Let's Talk About: Simple Wills

by Bryan Scott Haskins on Jan. 07, 2019

Estate Wills & Probate Estate  Estate Planning Estate 

Summary: Today we are going to discuss Wills, and more specifically the "Simple Will." There are many types of Wills, but this type is most commonly used for smaller estates. South Carolina requires one to be over the age of 18 and "of sound mind" in order to make a Will and several administrative measures in order to be considered a validly-executed Will..

Today we are going to discuss Wills, and more specifically the "Simple Will." There are many types of Wills, but this type is most commonly used for smaller estates.

South Carolina requires one to be over the age of 18 and "of sound mind" in order to make a Will.

Section 62-2-502 of the South Carolina Code of Law contains certain requirements that all Wills must have in order to be considered properly executed. They are the following:

(1) in writing;

(2) signed by the testator or signed in the testator's name by some other individual in the testator's presence and by the testator's direction; and

(3) signed by at least two individuals each of whom witnessed either the signing or the testator's acknowledgment of the signature or of the will.

The Simple Will is a way for you to make sure your wishes for your property are followed through after passing. This type of Will is useful for those with smaller estates in order to assist with easiest transfer of real and personal property. The Simple Will also allows for you to indicate guardianship of your children as well, in the event such guardianship is needed.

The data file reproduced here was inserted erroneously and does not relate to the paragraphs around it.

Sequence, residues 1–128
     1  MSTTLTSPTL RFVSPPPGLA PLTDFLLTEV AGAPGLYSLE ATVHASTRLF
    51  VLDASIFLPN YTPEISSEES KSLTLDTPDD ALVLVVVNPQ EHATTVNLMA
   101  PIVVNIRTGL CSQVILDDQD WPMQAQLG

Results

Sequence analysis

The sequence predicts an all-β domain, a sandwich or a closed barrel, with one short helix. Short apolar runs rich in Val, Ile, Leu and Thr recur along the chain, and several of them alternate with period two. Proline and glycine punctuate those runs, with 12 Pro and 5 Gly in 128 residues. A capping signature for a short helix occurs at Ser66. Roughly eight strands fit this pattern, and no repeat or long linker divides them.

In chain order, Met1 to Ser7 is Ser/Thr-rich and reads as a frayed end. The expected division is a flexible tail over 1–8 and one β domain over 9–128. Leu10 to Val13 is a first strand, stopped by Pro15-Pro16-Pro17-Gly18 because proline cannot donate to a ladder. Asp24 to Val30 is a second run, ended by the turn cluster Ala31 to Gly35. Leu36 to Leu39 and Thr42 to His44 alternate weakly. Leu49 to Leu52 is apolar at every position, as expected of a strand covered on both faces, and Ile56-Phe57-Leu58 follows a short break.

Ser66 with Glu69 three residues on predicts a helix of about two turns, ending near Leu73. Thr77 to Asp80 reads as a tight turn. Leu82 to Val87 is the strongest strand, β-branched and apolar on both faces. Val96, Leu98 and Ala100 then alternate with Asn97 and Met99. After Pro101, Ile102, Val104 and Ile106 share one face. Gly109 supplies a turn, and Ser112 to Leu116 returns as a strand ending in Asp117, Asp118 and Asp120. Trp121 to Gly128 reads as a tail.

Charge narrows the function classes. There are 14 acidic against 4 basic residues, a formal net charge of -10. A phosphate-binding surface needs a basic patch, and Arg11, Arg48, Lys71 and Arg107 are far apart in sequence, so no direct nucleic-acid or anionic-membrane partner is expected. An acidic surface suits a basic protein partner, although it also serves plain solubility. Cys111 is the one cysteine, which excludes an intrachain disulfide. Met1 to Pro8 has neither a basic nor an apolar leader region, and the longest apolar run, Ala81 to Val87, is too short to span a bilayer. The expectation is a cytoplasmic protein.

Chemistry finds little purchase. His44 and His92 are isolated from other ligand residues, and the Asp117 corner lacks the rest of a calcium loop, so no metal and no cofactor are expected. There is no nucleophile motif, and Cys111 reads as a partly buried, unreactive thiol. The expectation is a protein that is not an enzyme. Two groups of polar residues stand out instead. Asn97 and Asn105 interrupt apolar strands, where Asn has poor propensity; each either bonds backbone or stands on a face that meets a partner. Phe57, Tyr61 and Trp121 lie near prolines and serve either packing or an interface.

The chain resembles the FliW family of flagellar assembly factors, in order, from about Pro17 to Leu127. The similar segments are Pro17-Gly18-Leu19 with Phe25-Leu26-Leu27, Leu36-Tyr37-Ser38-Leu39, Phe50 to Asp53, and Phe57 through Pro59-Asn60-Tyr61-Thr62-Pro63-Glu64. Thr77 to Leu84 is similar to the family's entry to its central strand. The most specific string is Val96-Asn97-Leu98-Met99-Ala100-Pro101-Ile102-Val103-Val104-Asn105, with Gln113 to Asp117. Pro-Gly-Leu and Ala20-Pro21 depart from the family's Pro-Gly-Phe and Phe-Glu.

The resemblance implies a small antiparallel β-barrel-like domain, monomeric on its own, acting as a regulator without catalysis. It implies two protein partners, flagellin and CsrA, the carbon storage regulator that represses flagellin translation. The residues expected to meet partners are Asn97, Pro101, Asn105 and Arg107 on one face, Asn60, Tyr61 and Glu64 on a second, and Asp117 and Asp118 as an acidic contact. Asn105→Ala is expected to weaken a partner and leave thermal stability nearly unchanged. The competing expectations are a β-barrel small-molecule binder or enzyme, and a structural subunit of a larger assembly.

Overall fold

There are certain items exempted from the probate process, such as life insurance policies and real property held in a joint tenancy with rights of survivorship. Those would not be calculated into the estate's value during the probate process and would not be included in the Simple Will.

If you'd like to learn more about how a Simple Will can help you and your family in your estate planning, please contact my office today to discuss further. It is vital that you get a Will completed now to avoid issues in the future. If you already have a Will, we can update and revise it to reflect your current estate and also provide proper revocation of the previous Will in order to make sure there are no issues later.

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